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Arlyn Osborne’s Ube Cheese Pandesal

I wrote about pandesal for The Washington Post a few years back. It was my first recipe to be published in print, a classic take on the Philippines’ most beloved crumb-dusted bread roll. It’s a bakery staple, a standard breakfast item, and a go-to choice for afternoon merienda, or snack. Pandesal translates to “salt bread” in Spanish but it doesn’t taste salty. Instead, it’s the ideal canvas for smearing with myriad spreads and plunging into steaming cups of warm beverages. It’s as ubiquitous as bagels in New York or baguettes in France. It’s iconic. A national treasure.

Late 2019 saw the dawn of a new era for pandesal. The introduction of captivating colors and unconventional flavors were designed by the creative minds of many sheltering in place. Flavored pandesal didn’t dethrone the original, but it didn’t wither away either. Many bakeries, in the Philippines and Stateside, continue to offer a rainbow of options.

If this new generation has a classic pandesal to crown, it’s ube cheese, a regal display of amethyst and gold. Each purple pillow is soft and springy, oozing with melty cheese and creamy ube halaya (purple yam jam). Philippine desserts are no stranger to the company of cheese. Here, its velvety saltiness balances the sweet, vanilla flavor of the nation’s most loved tuber. Graham cracker crumbs are scattered over top, adding a toasty crunch and the gentle taste of honey.

What I love about this dish is that it reminds us how food can tell the story of history, and not just our personal ones. It’s a marker for critical events, like the pandemic in this case. And how, in the bleakest times, you can find comfort and community in making something familiar, something new.

Photo by Linda Xiao

With a soft, velvety crumb and shaggy coconut icing, this is on the lighter side of the chocolate cake spectrum, more airy than dense. The glaze, which is poured onto the cake while it’s still warm, soaks into the crumb, making it very moist. You can use either sweetened or unsweetened coconut for the glaze. The sweetened kind gives you a candy-like topping that’s a little like the filling of a Mounds bar; unsweetened flakes take the sugar quotient down a notch. In either case, it’s a pretty, festive cake that comes together in a flash.

INGREDIENTS

Yield: 20 rolls

FOR THE DOUGH
4 tablespoons (56 grams) unsalted butter
1 cup (240 grams) whole milk
⅓ cup (66 grams) plus 2 tablespoons (25 grams) granulated sugar, divided
One ¼ oz. (7 grams) envelope active dry yeast
⅓ cup (83 grams) ube halaya, at room temperature
1 large egg, at room temperature
1 teaspoon ube paste
3¾ cups (468 grams) all-purpose flour
1½ teaspoons kosher salt

FOR THE FILLING
¾ cup plus 1 tablespoon (200 grams) ube halaya, cold
Twenty 5 gram-pieces Velveeta cheese, shaped into 1-inch (2.5 centimeters) coins (see Note)
¼ cup (25 grams) finely crushed cracker crumbs

Note: To portion the 5 grams pieces of Velveeta cheese, cut half of a 16 ounce (450 grams) block into 24 even squares (you’ll only use 20 pieces).

METHOD

For the dough: In a small saucepan, melt the butter over low heat. Whisk in the milk and heat until an instant-read thermometer registers between 110° and 115°F (43° and 46°C).

Remove from the heat. Add 2 tablespoons (25 grams) of the sugar, sprinkle the yeast over top, and whisk to combine. Let sit undisturbed until foamy, about 5 minutes. Whisk in the ube halaya, the egg, the remaining ⅓ cup (66 grams) of sugar, and the ube paste.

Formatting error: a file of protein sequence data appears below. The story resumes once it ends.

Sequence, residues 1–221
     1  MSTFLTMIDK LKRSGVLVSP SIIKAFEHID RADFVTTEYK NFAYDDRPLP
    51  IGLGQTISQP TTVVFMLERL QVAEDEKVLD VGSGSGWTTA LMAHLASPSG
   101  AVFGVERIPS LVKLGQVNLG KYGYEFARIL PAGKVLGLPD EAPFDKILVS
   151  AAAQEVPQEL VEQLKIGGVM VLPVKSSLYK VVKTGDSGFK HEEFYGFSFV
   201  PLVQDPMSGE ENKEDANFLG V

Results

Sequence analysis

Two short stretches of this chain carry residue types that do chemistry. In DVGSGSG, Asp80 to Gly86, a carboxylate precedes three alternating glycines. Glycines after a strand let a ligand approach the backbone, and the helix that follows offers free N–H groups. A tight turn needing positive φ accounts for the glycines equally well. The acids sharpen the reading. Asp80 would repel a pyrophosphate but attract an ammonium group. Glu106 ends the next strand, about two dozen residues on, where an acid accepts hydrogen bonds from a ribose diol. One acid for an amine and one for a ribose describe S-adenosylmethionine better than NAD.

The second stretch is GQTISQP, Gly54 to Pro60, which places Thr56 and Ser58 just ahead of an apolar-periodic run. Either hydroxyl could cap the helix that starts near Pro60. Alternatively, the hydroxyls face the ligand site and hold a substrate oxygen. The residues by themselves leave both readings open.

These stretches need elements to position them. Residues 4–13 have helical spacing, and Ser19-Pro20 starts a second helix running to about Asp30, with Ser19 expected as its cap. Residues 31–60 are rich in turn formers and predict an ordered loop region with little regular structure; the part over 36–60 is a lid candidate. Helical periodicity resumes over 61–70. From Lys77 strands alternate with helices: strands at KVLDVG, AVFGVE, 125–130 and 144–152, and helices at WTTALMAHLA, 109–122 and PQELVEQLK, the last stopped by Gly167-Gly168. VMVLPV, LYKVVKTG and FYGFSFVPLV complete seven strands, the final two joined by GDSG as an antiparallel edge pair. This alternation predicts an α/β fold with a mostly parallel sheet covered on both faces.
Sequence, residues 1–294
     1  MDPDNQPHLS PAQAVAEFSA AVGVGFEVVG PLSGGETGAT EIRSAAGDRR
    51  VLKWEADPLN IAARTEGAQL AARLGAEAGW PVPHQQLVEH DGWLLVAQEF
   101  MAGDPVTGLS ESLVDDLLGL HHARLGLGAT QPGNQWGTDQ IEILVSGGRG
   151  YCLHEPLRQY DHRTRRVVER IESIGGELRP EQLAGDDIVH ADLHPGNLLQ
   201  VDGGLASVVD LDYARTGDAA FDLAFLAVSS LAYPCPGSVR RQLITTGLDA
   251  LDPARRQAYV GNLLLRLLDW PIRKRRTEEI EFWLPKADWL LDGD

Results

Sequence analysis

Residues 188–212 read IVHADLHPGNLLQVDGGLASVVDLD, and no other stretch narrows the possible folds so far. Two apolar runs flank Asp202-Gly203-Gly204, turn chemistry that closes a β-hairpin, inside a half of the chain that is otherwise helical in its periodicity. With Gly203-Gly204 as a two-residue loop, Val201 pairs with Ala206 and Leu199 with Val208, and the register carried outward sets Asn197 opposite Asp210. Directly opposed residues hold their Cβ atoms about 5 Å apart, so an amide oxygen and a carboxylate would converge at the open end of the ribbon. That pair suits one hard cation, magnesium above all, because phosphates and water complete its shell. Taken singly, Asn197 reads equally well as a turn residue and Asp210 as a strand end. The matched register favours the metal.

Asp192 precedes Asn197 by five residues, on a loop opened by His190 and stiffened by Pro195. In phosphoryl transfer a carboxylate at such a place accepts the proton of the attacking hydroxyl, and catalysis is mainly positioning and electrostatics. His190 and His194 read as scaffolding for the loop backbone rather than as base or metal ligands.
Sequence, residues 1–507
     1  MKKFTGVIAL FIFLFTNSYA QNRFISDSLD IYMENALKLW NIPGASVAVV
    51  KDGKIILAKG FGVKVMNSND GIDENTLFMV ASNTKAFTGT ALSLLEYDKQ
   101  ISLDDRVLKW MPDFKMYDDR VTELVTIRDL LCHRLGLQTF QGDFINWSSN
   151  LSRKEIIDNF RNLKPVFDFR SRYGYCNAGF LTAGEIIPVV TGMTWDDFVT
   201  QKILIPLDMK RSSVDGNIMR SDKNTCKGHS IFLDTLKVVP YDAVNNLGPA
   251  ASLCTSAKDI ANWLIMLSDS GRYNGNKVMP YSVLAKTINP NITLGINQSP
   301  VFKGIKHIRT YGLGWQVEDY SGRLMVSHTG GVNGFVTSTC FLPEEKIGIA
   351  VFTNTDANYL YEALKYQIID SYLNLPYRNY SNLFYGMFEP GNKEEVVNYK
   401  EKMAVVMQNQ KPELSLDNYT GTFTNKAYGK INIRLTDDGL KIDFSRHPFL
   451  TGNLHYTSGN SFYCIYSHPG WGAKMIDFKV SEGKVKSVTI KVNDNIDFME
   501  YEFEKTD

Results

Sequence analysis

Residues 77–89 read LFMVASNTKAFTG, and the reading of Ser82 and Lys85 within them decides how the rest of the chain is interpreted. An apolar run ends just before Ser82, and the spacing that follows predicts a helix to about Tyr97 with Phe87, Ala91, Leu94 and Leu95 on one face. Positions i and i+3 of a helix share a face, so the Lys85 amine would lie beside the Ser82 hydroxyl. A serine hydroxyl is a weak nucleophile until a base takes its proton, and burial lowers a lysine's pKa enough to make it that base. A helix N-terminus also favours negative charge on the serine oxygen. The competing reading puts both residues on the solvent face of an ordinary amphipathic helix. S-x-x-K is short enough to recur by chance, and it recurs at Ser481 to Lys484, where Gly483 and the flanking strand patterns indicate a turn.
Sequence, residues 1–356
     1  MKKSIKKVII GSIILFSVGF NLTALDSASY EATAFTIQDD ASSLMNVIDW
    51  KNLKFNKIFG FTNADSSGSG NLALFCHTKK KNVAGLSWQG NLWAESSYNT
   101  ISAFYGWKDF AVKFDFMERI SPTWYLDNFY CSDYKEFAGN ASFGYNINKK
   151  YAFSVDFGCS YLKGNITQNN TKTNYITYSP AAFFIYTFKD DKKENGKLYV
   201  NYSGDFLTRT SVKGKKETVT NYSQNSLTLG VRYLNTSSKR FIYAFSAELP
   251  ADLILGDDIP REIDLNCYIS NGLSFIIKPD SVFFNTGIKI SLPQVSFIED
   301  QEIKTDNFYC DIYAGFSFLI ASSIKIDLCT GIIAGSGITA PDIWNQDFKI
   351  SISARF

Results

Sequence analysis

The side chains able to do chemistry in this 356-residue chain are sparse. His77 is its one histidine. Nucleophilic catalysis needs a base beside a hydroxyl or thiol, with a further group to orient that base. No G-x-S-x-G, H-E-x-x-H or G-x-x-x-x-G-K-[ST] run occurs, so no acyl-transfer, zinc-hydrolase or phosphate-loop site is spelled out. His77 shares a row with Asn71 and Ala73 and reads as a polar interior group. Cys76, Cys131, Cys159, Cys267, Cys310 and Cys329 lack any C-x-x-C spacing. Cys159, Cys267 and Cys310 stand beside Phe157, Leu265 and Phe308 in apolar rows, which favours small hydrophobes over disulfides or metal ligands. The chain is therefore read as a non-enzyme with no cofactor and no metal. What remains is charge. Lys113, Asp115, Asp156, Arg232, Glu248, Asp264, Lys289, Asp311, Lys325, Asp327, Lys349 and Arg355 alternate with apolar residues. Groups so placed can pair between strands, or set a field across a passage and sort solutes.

Fit a stand mixer with the dough hook. In the stand mixer bowl, whisk together the flour and salt. Add the yeast mixture and stir with a fork until a sticky dough comes together.

Fasten the bowl into the stand mixer and knead on medium speed, scraping down the sides of the bowl halfway through, until the dough is smooth, stretchy, and no longer sticky, 7 to 10 minutes.

Grease a large bowl with cooking spray. Shape the dough into a ball and place it into the bowl. Flip the dough over (this greases both sides). Cover tightly with plastic wrap. Let rise in a warm place until puffed and nearly doubled in volume, about 2 hours.

To assemble: Press the dough down with your fist to expel the air and transfer to an unfloured work surface. Divide the dough into 20 equal portions (about 48 grams each). Keep the portions loosely covered with plastic wrap while you work.

Line a sheet pan with parchment paper. Working with one portion of dough at a time, cup your hand over the dough and roll it around in a circular motion against the work surface until it forms a smooth ball.

Using your hand, flatten the ball into a 2 ½-inch (6.5 centimeters) round. Add 2 teaspoons (10 grams) of ube halaya to the center of the dough and press a cheese coin into it. Bring up the edges of the dough, and pinch to seal. Dip the top of the bun into the graham cracker crumbs and place seam-side down on the lined pan, arranging the buns in five rows of 4, spacing them 1 inch (2.5 centimeters) apart.

Cover loosely with plastic wrap. Let rise in a warm place until puffed and expanded in size about 50 percent, about 1 hour. (The buns will not be touching, but the gaps between them should be almost closed).

Meanwhile, preheat the oven to 350°F (180°C).

Bake until puffed, the buns are touching, and an instant-read thermometer inserted into the side of one of the middle buns registers 190°F (88°C), about 20 minutes.

As soon as they come out of the oven, transfer the pan to a wire rack and cover loosely with a tea towel for 10 minutes (this helps them soften a bit). The filling can be quite hot so just be mindful.

Store in a resealable plastic bag in the refrigerator or freezer. Reheat in the microwave.  

From Sugarcane by Arlyn Osborne. Excerpted by permission of ‎Hardie Grant Publishing

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